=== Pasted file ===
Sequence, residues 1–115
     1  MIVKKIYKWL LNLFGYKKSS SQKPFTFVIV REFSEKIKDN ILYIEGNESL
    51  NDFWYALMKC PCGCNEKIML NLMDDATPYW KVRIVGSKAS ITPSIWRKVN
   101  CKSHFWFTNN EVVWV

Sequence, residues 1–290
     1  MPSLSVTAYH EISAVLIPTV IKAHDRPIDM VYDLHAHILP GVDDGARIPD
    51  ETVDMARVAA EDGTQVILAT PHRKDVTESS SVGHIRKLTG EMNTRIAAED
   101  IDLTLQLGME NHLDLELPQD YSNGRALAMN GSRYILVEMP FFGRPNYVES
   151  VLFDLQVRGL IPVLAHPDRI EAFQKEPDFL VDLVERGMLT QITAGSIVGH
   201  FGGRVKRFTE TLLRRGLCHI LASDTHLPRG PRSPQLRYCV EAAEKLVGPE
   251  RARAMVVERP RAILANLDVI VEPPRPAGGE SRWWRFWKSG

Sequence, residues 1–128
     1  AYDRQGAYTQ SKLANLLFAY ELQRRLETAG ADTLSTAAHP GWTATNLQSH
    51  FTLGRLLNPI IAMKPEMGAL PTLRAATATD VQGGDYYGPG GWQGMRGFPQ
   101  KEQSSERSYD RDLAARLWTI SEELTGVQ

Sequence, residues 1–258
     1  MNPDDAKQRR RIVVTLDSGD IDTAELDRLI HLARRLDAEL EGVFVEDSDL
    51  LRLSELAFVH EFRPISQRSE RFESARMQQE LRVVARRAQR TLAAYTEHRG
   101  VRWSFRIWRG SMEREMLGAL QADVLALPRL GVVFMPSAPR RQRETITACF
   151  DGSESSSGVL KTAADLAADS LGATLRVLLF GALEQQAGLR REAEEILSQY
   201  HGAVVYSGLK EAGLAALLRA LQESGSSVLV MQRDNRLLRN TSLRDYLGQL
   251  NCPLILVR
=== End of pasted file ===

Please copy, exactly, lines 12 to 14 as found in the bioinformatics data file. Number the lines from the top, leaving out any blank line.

Sequence, residues 1–128
     1  AYDRQGAYTQ SKLANLLFAY ELQRRLETAG ADTLSTAAHP GWTATNLQSH
    51  FTLGRLLNPI IAMKPEMGAL PTLRAATATD VQGGDYYGPG GWQGMRGFPQ